‘Going once! Going twice! Sold!’ New conveyancing rules in force

Andrew Grima

Housing, specifically the purchase of, is a hot topic in the media, in politics and around your workplace water cooler. Most of us are fairly familiar with the steps involved in the purchase of residential property but what you may not be across are recent changes in conveyancing.

Under the new Conveyancing Rules lawyers and conveyancers are required to verify the identity of their clients, borrowers and anyone who is to be provided with a certificate of title. In addition, it must be confirmed that the person having their identity checked has the authority to deal with the land.

This is known as the Verification of Identity Standards (VOI) and it aims to standardise processes as part of the shift towards electronic conveyancing. NSW, Queensland and Victoria land registries have developed and adopted this process. VOI also aims to combat fraudulent activity.

Why the need for additional proof of identity?

The Real Property Act 1900 sets out that lenders must take reasonable steps to confirm the identity of a clients, borrowers and certificate of title recipients. Lenders are now considered to have taken reasonable steps if they have adhered to the VOI.

What is the process for verifying identity?

Individuals must participate in a face-to-face interview and provide at least two documents confirming their identity, such as a passport, driver’s licence or birth certificate.

You can attend your solicitor’s office for this interview or your post office. There are also great apps available to assist in the interview process.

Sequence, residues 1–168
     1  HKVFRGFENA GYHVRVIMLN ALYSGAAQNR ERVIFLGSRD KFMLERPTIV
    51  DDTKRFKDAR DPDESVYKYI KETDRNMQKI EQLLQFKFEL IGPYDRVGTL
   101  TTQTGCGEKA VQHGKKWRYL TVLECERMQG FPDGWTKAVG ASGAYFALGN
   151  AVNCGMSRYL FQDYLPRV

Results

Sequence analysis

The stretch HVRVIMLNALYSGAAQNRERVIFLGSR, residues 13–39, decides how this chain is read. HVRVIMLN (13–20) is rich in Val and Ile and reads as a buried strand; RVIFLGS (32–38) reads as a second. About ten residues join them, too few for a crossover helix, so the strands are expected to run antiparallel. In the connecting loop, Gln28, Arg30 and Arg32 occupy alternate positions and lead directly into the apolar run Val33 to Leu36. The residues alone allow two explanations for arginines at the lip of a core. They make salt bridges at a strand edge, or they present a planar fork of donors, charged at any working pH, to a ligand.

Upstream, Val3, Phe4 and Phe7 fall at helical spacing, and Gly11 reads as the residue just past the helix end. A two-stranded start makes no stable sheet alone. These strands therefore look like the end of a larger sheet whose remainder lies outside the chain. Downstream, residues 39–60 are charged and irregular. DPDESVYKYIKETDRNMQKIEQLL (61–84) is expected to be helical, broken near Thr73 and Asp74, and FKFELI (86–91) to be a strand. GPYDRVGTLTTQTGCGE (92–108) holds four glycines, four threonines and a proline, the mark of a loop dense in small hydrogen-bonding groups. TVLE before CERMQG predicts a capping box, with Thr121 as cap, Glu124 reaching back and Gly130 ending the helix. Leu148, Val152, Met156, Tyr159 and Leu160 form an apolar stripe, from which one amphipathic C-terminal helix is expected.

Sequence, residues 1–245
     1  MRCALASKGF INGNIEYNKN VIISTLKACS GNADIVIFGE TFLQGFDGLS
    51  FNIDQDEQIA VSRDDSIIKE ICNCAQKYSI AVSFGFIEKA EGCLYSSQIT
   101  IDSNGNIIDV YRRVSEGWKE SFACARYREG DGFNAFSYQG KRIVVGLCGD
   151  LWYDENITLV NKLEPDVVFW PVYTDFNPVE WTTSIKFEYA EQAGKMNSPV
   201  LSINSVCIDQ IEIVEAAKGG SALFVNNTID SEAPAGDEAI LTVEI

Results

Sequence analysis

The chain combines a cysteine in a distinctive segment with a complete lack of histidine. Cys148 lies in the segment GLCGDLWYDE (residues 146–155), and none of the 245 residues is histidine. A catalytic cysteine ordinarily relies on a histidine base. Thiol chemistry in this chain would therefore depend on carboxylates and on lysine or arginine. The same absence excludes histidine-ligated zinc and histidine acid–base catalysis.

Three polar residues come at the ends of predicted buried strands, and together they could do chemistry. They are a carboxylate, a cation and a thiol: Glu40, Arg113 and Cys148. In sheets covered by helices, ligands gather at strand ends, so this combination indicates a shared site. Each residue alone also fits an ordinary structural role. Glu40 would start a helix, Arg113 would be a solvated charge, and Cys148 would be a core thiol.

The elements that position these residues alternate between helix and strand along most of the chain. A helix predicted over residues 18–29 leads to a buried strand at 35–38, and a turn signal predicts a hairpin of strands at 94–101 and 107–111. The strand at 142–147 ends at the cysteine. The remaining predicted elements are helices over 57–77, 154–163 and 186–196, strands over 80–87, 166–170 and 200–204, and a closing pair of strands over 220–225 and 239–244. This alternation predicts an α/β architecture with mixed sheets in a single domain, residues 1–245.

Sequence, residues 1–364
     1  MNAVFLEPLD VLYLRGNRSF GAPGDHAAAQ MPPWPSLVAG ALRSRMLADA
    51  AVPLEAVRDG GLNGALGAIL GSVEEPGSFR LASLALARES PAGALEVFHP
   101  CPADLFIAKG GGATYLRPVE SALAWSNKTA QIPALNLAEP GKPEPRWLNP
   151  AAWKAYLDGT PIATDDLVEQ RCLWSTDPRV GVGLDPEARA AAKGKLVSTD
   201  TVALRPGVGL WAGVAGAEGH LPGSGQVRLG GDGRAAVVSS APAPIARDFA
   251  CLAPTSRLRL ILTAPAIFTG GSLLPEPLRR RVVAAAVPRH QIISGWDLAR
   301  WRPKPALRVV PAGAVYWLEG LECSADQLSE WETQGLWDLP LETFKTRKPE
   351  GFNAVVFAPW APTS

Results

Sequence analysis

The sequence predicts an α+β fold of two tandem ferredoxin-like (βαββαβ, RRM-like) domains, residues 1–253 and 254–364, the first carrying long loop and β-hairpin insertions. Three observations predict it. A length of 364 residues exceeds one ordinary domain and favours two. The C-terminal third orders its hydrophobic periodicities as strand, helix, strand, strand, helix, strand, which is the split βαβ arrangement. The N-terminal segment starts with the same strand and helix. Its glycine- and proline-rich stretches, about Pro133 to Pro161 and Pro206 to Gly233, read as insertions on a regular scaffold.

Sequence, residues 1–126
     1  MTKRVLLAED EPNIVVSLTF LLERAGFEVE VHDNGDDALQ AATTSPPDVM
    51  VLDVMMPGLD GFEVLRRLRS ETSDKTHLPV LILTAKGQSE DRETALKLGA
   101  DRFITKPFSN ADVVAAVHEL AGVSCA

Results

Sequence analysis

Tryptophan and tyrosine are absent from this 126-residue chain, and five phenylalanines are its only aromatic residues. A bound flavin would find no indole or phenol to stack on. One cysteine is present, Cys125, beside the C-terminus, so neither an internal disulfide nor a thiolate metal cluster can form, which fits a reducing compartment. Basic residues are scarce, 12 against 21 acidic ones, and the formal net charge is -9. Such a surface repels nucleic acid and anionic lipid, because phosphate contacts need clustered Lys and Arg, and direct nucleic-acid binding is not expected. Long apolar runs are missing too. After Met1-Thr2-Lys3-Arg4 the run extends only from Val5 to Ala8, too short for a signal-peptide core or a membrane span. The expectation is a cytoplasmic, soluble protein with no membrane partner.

Where a company is concerned, the existence and identity of the body corporate must be confirmed by search of ASIC’s records. Reasonable steps must be taken to establish who the person/s are designated to sign and/or witness the affixing of the seal on behalf of the body corporate and whether they are in fact authorised to undertake the role.

In instances where an attorney is involved in the execution, reasonable steps need to be taken to make sure that the conveyancing transaction is authorised by the power of attorney.

If those involved live overseas, the Department of Foreign Affairs and Trade has arrangements in place to verify their identity. These arrangements are consistent across all services provided by Australian Embassies, High Commissions and Consulates.

How long is the verification valid for?

The verification of identity is valid for two years however, lawyers must keep a secure electronic or paper copy of the verification of identity for seven years as evidence to supporting the dealing. This evidence should remain accessible and legible throughout the seven year period in case it needs to be produced as evidence.

What happens if you don’t comply?

The Registrar General has the power to reject any conveyancing transaction which doesn’t meet the VOI requirements. This may impact your ability to lodge any further documents relating to conveyancing transactions for up to 21 days. In addition, you may have extra conditions imposed to prevent further contraventions.

Following a transition period of three months, full compliance is now a requirement, as of 1 August, 2016.

If you’d like to know more about the VOI process, please contact our Conveyancing specialists in Parramatta, Norwest and Penrith: